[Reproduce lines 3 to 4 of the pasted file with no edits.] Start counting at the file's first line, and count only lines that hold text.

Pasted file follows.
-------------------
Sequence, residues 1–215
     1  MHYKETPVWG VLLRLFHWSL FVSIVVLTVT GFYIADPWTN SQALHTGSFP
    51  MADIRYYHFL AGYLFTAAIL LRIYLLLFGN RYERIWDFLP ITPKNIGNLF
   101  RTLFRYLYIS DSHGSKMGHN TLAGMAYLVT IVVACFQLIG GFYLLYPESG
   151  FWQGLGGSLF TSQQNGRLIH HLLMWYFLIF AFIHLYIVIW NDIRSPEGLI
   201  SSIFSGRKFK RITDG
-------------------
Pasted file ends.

    51  MADIRYYHFL AGYLFTAAIL LRIYLLLFGN RYERIWDFLP ITPKNIGNLF
   101  RTLFRYLYIS DSHGSKMGHN TLAGMAYLVT IVVACFQLIG GFYLLYPESG